Lung protection in patients undergoing pulmonary lobectomy: a new perspective for remote ischemic conditioning in surgery?
Editorial

Lung protection in patients undergoing pulmonary lobectomy: a new perspective for remote ischemic conditioning in surgery?

Fabrice Prunier, Delphine Mirebeau-Prunier

Institut MITOVASC, UMR INSERM U1083 and CNRS 6015, CHU Angers, University of Angers, Angers, France

Correspondence to: Prof. Fabrice Prunier, MD, PhD. Institut MITOVASC, UMR INSERM U1083 and CNRS 6015, University of Angers, 3 rue Amsler, Angers 49100, France. Email: faprunier@chu-angers.fr.

Provenance: This is an invited Editorial commissioned by Section Editor Dr. Wankun Chen (Department of Anesthesiology, Fudan University Shanghai Cancer Center, Shanghai, China).

Comment on: García-de-la-Asunción J, Bruno L, Perez-Griera J, et al. Remote Ischemic Preconditioning Decreases Oxidative Lung Damage After Pulmonary Lobectomy: A Single-Center Randomized, Double-Blind, Controlled Trial. Anesth Analg 2017;125:499-506.


Submitted Nov 28, 2017. Accepted for publication Nov 30, 2017.

doi: 10.21037/jtd.2017.12.16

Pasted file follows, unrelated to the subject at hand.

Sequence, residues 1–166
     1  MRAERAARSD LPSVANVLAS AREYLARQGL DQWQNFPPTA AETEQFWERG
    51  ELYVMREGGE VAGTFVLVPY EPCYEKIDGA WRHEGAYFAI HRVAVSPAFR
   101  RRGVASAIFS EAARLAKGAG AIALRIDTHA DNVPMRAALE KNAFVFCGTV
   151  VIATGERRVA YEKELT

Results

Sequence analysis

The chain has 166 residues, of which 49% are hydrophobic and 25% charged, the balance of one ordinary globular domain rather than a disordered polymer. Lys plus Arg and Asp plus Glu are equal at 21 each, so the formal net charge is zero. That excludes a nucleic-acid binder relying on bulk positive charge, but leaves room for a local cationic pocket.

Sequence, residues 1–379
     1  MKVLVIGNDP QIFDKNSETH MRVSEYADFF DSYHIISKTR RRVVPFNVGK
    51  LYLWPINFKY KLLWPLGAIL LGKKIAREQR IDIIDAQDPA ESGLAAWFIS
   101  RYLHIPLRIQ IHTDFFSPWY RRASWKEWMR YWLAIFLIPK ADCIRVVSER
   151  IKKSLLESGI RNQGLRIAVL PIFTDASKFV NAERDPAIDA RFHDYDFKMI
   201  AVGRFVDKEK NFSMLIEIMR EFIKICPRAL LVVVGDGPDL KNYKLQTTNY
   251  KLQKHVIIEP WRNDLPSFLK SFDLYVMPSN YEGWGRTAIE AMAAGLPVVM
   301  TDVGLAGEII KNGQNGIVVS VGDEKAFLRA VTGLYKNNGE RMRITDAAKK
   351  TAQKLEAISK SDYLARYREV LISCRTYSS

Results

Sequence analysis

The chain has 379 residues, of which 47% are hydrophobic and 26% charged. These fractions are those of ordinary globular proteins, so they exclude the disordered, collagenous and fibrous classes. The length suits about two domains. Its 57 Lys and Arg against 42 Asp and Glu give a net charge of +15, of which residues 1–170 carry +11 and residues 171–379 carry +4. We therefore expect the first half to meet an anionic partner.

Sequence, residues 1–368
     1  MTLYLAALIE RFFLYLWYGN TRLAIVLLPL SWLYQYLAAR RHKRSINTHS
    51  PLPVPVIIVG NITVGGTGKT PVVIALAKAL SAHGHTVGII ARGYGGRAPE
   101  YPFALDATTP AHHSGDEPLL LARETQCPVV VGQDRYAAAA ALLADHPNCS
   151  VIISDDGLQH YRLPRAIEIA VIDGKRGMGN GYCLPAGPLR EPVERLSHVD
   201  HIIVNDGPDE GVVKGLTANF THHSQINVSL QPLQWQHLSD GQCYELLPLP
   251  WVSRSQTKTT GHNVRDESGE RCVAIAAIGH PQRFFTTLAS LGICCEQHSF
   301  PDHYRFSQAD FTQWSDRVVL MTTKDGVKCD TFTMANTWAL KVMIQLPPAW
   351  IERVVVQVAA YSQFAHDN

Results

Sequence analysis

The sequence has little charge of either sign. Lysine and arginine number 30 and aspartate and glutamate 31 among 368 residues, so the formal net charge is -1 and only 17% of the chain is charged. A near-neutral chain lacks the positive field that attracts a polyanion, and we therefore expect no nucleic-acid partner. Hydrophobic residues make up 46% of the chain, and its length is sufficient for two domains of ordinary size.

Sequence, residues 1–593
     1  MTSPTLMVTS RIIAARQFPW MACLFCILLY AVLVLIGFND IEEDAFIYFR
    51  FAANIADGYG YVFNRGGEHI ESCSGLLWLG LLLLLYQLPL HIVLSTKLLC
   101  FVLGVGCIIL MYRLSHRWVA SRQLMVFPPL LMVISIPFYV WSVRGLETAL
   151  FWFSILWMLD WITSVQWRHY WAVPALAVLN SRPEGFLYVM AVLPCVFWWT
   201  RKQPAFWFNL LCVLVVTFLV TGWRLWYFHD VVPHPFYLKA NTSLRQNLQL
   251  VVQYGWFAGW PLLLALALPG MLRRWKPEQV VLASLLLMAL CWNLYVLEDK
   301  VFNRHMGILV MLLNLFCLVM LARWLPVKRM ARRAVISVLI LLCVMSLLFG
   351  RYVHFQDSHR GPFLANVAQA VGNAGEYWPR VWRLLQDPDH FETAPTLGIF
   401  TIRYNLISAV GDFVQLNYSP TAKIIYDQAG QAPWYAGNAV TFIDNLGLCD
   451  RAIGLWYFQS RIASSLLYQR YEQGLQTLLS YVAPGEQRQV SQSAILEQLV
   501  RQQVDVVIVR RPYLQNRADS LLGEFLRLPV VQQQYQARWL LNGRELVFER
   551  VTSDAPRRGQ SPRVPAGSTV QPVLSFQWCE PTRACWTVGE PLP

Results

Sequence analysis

In 1993, Przyklenk et al. reported the fascinating finding that administering brief periods of non-lethal ischemia and reperfusion to the circumflex coronary artery reduces myocardial infarct size following a prolonged occlusion of the left anterior descending coronary artery, indicating that the protection produced by ischemic conditioning can potentially be transferred from one area of the heart to another, a phenomenon which has been named remote ischemic conditioning (RIC) (1). Further experimental studies then established that the heart could be protected against ischemia-reperfusion injury by instigating brief bursts of non-lethal ischemia and reperfusion as a conditioning stimulus to an organ or tissue remote from the heart, thus extending the concept of RIC to inter-organ conditioning. Once it had been demonstrated that RIC can be induced simply by applying a blood pressure cuff to a limb, the technique has quickly developed applications in a wide range of clinical scenarios of potential ischemia-reperfusion damage (2,3). A large number of cardiac surgery studies, for example, have applied RIC via three or four cycles of 5-min ischemia followed by 5-min reperfusion of the upper or lower limb, the majority reporting reduced post-operative cardiac biomarker release, with even amended clinical outcomes in long-term follow-up analyses of studies that had insufficient power to conclude on outcomes (4). Nevertheless, two large clinical trials recently failed to achieve improved clinical outcomes using RIC in the cardiac surgery setting (5,6). Among the several confounding factors that likely altered the RIC response in these studies, the use of propofol anesthesia proved puzzling, given that this substance was already known to abrogate the RIC-induced protection (7). Consequently, the potential of RIC to confer protection in patients undergoing cardiac surgery remains uncertain (8). Nevertheless, it still has great potential, due to its infarct-sparing effect in other clinical situations at risk of ischemia-reperfusion damage, such as acute myocardial infarction (9,10). Furthermore, RIC still has a major therapeutic value in protecting non-cardiac organs exposed to ischemia-reperfusion damage, such as the brain in strokes, liver and kidneys in transplantation, and even lungs in pulmonary surgery (11,12).